Unfortunately, while I was idyling in south american paradise, my NY Yankees were getting dominated by those bearded bastardos of Beantown. As an observer of and author on the subject of productivity and teamwork, I have to put aside my home-town partiality and admit, those scruffy scalawags are onto something up in Boston. The Redsox are the team to beat this year and have turned themselves around 180 degrees. Now you can’t hit a baseball with facial hair, (although some of the Sox might actually be able to catch one in their chin nests) but apparently it can build a lot of team chemistry. Often, a group can build a great deal of common trust and sense of purpose in building a fence between the essence of “us” and the sense of “them”. Sports teams have a keenly identifiable short term goal – Win. Win today, win the division, win the championship. A clear beginning and end for each campaign and unlike many business and personal objectives, a clearly defined timeframe called a season. A team is made of individuals and a season can contain personal accomplishments for some players such as milestones achieved or awards garnered, but the goal of a championship can only be attained as a group and once attained, no member of the team is more than any other. A bench player who does no more that pinch run once or pitch an inning over the course of the World Series is no less a champion that the guy who hits five home runs or is the winning in pitcher in two out of four of the teams wins. There are intangibles that have to be present for a team to make the leap from group of individuals to cohesive collective of winners. If the beards help Boston’s pull together by giving them an identity and level of camaraderie that transcends the mere fact that they share a common employer, their barber may end up being their MVP. The matrix of short term goal and unique team identity is the nexus around which the structure of a winning team is growing in the Redsox Nation this year.
Families are sort of a fluke of nature. As the saying goes ‘you can’t choose your family’. Close families do choose each other. They revel in shared history and maintain the collective memory. I listened as my new Brazilian family spent days telling the stories of great grandparents, aunts, uncles and their humorous exploits, their accomplishments and petty squabbles; listened as they sang songs together. I watched them welcome new members of the family, including myself, my two daughters and my wife’s new son-in-law as well as other new ‘aggregados’ as they call folks who marry into the clan and absorbed as completely as rice absorbs the rich gravy of slow cooked beans. I even saw them assimilate a brand new blood relative none of them even knew existed and who showed up at the family reunion as the only representative of a branch of the family tree that bore new fruit. The strong matrix of interconnection is the foundation that sustains a family over the course of generations and ensures that while a chip or two can form, the vein of love,trust and ancestry can never really be exhausted.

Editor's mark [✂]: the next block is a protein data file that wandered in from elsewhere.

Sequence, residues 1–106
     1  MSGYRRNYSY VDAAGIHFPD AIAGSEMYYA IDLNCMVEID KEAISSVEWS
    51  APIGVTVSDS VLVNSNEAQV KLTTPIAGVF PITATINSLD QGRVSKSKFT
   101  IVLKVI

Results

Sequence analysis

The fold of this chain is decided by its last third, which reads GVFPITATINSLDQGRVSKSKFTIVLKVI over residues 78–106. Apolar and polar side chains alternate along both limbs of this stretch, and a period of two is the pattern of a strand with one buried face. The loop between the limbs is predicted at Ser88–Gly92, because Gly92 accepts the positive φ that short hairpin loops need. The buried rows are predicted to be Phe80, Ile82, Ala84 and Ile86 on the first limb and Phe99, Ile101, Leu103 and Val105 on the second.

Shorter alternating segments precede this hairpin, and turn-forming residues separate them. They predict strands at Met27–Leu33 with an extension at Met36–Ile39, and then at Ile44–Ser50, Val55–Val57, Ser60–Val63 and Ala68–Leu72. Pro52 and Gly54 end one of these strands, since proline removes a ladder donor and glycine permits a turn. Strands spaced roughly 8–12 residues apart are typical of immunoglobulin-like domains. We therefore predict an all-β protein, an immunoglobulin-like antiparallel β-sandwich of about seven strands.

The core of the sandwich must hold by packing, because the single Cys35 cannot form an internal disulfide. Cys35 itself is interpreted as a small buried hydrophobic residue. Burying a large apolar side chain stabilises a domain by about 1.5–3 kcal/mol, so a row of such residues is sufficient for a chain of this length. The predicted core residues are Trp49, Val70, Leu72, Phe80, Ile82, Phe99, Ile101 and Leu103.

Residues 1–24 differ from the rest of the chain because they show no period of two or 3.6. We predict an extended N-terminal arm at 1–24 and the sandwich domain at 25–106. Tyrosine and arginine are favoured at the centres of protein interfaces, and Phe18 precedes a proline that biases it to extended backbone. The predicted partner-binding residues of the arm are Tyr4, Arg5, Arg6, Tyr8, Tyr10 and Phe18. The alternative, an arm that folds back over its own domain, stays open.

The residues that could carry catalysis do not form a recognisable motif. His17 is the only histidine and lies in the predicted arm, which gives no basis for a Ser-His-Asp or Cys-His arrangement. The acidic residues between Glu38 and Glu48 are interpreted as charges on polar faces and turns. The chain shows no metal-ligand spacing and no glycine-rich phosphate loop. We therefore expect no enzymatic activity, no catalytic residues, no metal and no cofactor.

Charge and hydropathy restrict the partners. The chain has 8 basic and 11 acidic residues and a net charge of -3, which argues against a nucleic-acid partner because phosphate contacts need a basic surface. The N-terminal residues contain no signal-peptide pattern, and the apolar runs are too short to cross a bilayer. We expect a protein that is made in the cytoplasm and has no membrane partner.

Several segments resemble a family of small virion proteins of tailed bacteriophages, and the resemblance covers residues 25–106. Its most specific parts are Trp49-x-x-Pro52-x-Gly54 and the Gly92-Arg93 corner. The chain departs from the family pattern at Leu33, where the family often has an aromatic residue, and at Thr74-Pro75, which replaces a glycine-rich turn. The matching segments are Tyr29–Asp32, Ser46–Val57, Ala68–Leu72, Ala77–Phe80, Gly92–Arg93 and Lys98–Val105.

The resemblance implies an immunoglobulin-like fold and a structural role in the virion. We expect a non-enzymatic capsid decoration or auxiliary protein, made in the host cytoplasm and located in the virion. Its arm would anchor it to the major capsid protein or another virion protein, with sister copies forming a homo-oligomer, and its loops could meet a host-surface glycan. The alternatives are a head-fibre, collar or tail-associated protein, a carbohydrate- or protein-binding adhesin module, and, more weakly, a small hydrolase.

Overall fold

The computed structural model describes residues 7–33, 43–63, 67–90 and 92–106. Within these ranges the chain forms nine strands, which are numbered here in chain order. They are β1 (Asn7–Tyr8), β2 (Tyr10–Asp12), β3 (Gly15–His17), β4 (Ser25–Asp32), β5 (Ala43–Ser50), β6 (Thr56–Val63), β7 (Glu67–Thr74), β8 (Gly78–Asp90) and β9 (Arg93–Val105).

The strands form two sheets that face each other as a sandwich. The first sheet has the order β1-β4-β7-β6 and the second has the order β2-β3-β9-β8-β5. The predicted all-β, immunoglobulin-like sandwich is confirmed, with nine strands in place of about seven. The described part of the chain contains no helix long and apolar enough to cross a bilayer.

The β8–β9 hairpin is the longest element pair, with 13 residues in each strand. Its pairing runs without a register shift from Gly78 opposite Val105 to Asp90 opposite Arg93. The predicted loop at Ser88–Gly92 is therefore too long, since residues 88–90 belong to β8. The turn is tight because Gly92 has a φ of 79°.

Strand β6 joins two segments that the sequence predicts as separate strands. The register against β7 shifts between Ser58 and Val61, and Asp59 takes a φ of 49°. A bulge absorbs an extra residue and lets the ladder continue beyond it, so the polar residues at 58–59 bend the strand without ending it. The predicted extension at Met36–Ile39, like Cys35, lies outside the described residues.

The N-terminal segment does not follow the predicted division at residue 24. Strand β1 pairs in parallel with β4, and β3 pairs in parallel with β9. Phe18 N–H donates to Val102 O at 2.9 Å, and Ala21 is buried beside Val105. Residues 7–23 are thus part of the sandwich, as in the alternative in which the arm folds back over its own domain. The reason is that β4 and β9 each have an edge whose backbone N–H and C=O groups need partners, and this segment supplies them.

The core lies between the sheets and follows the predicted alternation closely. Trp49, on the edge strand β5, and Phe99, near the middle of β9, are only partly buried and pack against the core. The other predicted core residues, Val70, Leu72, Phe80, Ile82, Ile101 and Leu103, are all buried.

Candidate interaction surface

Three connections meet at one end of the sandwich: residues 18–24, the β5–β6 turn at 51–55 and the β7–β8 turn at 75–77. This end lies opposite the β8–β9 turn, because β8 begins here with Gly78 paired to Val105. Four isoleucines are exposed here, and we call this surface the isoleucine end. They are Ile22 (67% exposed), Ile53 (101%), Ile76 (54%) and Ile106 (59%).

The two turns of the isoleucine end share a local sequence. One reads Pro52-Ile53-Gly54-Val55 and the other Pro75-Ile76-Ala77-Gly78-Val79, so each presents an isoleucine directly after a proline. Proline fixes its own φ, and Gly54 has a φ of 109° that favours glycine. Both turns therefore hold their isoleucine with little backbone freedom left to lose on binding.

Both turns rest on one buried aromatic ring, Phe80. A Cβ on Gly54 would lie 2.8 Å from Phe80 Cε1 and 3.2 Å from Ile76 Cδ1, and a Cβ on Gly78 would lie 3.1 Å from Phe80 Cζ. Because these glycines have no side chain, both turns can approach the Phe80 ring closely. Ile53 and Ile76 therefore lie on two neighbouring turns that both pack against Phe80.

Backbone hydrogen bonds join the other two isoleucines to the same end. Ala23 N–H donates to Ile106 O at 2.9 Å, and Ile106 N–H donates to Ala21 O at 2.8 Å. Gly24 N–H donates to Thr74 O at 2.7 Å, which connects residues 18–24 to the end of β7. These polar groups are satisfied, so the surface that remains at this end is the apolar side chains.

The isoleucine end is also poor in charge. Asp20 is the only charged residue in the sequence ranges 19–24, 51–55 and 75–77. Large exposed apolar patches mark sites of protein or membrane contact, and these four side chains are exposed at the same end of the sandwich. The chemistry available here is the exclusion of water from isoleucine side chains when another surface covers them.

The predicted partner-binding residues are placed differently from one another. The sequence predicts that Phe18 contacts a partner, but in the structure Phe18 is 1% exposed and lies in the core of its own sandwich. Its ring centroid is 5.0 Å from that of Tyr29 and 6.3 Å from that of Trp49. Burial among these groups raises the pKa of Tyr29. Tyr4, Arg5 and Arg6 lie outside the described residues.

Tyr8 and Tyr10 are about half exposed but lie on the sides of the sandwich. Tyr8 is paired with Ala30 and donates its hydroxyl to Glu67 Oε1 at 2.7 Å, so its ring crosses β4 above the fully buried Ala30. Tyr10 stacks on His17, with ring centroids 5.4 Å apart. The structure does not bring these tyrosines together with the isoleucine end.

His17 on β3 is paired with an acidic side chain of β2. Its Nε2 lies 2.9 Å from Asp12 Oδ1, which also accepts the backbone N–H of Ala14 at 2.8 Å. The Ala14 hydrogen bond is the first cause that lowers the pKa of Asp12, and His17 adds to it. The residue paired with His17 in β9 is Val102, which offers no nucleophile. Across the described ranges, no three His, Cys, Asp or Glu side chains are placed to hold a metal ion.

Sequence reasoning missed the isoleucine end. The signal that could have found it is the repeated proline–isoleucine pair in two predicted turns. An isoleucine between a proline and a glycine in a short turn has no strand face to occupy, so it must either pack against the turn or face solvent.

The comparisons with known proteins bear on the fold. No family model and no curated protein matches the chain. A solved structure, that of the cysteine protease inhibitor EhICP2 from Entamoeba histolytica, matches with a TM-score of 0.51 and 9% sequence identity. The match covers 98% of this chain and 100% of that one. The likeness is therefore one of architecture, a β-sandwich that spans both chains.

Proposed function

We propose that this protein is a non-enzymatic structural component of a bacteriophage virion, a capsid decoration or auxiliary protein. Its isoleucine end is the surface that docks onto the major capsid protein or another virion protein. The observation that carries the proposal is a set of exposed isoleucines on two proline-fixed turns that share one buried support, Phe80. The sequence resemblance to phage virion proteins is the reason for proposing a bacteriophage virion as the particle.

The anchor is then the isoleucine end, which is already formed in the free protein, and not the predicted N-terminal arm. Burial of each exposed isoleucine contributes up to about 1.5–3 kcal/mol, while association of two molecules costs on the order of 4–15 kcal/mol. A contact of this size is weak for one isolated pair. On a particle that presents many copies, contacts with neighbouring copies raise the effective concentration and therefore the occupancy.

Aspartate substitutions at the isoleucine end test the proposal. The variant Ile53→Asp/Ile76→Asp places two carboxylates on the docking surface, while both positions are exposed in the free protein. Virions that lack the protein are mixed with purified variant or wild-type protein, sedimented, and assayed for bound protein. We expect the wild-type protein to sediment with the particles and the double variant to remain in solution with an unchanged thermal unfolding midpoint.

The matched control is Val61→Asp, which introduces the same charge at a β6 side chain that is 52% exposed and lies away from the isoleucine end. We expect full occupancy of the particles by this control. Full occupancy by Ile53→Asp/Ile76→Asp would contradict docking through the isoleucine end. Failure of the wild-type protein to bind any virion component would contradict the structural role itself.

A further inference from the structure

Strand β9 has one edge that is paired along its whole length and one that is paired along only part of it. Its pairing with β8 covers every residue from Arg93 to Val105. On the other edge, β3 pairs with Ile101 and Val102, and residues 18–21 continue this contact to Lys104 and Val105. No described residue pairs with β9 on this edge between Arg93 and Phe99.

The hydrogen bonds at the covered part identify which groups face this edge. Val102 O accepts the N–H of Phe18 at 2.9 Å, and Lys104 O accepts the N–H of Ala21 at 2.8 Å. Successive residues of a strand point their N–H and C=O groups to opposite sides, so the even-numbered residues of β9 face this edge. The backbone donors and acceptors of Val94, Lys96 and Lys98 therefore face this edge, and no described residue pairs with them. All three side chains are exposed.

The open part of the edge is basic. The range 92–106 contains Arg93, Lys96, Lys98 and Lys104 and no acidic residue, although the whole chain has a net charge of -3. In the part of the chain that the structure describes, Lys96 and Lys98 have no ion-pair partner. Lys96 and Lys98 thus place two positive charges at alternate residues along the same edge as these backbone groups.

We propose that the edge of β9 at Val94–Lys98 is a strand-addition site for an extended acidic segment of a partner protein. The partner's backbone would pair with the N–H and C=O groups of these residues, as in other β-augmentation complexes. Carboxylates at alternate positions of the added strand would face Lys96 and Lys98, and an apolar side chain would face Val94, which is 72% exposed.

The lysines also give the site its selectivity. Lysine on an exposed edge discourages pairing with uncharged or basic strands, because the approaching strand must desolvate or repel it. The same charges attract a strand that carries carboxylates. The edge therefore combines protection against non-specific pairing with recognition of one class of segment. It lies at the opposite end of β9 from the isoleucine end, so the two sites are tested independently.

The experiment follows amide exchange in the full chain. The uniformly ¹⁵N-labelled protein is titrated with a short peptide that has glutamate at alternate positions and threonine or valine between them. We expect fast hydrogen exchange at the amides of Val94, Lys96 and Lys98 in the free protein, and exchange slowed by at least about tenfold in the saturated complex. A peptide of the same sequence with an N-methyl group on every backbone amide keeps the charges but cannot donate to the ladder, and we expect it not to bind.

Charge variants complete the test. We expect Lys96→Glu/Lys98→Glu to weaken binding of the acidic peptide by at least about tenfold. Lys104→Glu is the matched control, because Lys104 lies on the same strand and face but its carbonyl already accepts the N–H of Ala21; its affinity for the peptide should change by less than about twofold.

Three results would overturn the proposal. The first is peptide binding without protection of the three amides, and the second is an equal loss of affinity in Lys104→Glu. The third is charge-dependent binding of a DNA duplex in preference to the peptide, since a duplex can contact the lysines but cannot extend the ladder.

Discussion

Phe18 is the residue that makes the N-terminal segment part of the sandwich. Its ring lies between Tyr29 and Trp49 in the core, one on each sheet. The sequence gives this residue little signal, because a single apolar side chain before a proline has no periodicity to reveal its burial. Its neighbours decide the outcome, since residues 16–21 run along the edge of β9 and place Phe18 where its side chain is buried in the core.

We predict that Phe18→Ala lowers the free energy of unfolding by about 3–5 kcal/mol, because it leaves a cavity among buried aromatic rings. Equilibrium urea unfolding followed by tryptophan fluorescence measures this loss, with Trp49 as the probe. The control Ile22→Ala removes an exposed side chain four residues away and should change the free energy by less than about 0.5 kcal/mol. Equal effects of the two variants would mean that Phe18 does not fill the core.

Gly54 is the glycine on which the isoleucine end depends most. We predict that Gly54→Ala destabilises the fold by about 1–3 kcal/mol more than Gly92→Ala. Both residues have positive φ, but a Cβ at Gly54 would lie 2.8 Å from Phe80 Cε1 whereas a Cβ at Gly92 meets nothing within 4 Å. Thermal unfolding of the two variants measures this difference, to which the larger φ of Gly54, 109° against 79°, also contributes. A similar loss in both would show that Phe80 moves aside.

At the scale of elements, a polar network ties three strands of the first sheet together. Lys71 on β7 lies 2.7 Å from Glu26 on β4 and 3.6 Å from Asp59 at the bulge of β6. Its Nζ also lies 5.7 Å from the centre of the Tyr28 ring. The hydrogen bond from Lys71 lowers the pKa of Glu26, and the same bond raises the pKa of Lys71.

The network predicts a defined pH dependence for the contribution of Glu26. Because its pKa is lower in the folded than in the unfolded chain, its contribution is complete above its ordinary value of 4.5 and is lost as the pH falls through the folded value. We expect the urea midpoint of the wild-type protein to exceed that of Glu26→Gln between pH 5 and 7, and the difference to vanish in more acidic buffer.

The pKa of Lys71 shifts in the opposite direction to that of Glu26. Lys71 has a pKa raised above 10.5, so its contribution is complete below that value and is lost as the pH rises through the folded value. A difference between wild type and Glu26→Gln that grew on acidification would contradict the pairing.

What about our work teams. How do we build teams that can find an identity, build trust and a common objective and attain success? I think the basic currency of the work environment pulls against the growth of teams that can function effectively for the long terms. Here are some reasons:
Over the coming days I will address each of these in-depth. Particular emphasis will be paid to building structure on the matrix.
Bem Vindo de novo a Productive Practice. Welcome back.
Time to clear the decks and go on an adventure. Back in two weeks with my mind expanded my energy amped up and my focus back on productivity and aligning purpose to project to process.
My basic method has to do with getting de-cluttered from the inside out, clearing out the mental overload that leads to stress and reduces productivity and going all the way through the individuals work and home environment. I help folks get their projects organized and on track, get systems, either paper or digital, to handle tracking all the goals, to-do’s, deadlines, communications and systems needed to accomplish their goals. Amazingly, getting the little stuff all cleaned up, opens up the valves to let folks really focus on the more important level of purpose, vision and goals. Logically we would think you start big picture and get down to the details, and that’s true when you get the processes cleaned up, but until you ‘clear out the underbrush’ that bogs most people down, they never get to see the forest or the trees, just the immediate emergency that is engulfing them.
Positive thinking is like positive drinking. It can be intoxicating but don’t drive under the influence.
Neutrality and outcome focus leaves us nimble, agile, flexible and ready to react to the realities we encounter between here and our goal. Negative thinking can pull us far off course and we do want to reprogram or reframe our inner environment and make it conducive to getting to our goal, but Pollyanna positivism can prevent us from seeing clearly the true and real obstacles in enough time to divert and reroute.
We envision the goal. We imagine our successful attainment of that goal. We start taking action in movement toward the goal and we accept feedback on a constant basis. Positive thinking in the form of blinders to the feedback that comes our way is a not a method of getting where we want to go.
An amazing property of the qualities love and compassion is that they are not scarce. We can’t run out of them. We forget them for periods but we never have to fear that if we give them freely we may not have enough for ourselves.
“The Sufi way is through knowledge and practice, not through intellect and talk.”
― Idries Shah, Sufi Thought and Action
Searching around the web on the topic of Mental Ecology I found a couple of useful links. One to a David Allen Article of Huffpost. It is a coincidence and not a coincidence that I am using a term from my mentor. I never heard David use this term, as far as I can recall, but since so much of what I practice comes from his Getting Things Done methodology, the fact that I generated an idea so close to his is no surprise and unconscious co-creation at the best and unconscious plagiarism at the worst.
I also found this short public webinar
This not only fits in with our topic of mental ecology, the Vervago website has online and offline content geared to building your Working Memory and Cognitive skills, which is something we talked about in late June both in the blog and in the interview I had on the Conscious Consultant Radio Show which you can find here: